We all are familiar with the Swachh Bharat Mission/Abhiyan. However, a glimpse at it would be better, Swachh Bharat Abhiyan or Clean India Mission is a nation-wide campaign in India for the set duration of 5 years (2014 to 2019) that proposes to clean up the streets, roads and infrastructure of India’s cities, towns, urban and rural areas. The main objectives of Swachh Bharat also include eliminating open excretion through the construction of household-owned and community-owned toilets and installing a liable mechanism of monitoring toilet use.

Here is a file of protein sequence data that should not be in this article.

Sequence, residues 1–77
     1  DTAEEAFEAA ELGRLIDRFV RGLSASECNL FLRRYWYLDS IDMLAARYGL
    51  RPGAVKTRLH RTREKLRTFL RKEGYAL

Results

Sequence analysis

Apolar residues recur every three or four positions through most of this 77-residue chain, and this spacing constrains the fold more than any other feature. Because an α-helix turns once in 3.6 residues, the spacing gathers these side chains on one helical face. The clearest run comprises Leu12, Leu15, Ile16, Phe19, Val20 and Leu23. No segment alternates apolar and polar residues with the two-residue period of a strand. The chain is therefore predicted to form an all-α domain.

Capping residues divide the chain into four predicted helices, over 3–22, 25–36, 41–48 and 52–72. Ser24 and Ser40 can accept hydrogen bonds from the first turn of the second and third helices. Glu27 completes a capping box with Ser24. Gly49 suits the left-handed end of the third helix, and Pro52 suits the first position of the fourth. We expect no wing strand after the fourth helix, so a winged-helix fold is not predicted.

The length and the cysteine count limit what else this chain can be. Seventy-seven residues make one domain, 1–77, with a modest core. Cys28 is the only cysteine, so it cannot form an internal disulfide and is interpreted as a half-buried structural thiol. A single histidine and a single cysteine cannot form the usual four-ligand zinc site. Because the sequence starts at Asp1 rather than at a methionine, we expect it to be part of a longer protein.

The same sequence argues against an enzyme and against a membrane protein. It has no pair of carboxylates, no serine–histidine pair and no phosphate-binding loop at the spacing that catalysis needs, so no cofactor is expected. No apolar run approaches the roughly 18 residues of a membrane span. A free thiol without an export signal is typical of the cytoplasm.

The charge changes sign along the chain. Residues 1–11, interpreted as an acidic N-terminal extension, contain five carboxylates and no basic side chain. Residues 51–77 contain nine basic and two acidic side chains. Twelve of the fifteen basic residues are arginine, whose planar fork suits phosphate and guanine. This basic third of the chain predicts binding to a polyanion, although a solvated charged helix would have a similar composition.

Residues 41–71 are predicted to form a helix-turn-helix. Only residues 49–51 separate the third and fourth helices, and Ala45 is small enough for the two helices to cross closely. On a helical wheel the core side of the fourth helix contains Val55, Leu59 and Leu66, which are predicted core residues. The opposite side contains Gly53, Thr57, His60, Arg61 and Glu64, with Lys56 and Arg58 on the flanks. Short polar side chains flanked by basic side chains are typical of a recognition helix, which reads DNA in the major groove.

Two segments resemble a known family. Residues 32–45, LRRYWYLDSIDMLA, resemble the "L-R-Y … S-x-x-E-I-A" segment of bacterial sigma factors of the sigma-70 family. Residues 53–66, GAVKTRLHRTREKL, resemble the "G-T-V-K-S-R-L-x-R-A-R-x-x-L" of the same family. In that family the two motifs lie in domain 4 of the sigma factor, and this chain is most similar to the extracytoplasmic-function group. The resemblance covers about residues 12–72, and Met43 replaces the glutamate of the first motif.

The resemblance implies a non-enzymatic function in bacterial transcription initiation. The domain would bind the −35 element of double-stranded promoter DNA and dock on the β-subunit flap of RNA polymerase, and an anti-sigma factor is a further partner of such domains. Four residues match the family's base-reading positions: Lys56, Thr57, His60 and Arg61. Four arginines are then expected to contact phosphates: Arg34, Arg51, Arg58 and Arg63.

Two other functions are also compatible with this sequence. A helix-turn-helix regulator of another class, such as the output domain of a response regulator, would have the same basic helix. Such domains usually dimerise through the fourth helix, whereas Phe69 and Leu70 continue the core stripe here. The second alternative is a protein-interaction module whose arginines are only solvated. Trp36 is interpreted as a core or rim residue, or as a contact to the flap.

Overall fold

The campaign’s official name is in Hindi and interprets to “Clean India Mission” in English, its current status is Active, and it was launched by the Prime Minister Narendra Modi at Rajghat, New Delhi with the slogan “One step towards cleanliness.”
Till 2014, 600 million people, which accounts for roughly 60 per cent of the world’s population were following open defecation across the country–Out of which, 550 million were in rural India. This number has changed rather dramatically, as the public excretion number has decreased to 100 million as per the reports of early 2019. As many as 5,20,000 villages, 530 Districts and 25 States and Union Territories are open defecations free (ODF).